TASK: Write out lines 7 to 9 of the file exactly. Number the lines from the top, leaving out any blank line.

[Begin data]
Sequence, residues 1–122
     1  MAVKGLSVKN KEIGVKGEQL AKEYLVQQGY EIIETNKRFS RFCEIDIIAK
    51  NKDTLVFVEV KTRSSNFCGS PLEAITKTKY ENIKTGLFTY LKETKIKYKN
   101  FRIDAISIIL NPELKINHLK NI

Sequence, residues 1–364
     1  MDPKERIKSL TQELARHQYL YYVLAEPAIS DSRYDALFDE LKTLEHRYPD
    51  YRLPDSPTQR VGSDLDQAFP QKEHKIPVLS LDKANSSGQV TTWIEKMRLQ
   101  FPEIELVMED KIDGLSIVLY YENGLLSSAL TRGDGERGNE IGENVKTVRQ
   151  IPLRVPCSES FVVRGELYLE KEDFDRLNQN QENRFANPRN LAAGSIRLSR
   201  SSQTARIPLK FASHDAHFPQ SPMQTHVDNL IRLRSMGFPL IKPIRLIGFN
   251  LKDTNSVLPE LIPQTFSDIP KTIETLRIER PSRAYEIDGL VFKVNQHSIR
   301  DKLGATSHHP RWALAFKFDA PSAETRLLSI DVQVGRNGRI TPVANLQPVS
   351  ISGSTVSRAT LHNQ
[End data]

    51  YRLPDSPTQR VGSDLDQAFP QKEHKIPVLS LDKANSSGQV TTWIEKMRLQ
   101  FPEIELVMED KIDGLSIVLY YENGLLSSAL TRGDGERGNE IGENVKTVRQ
   151  IPLRVPCSES FVVRGELYLE KEDFDRLNQN QENRFANPRN LAAGSIRLSR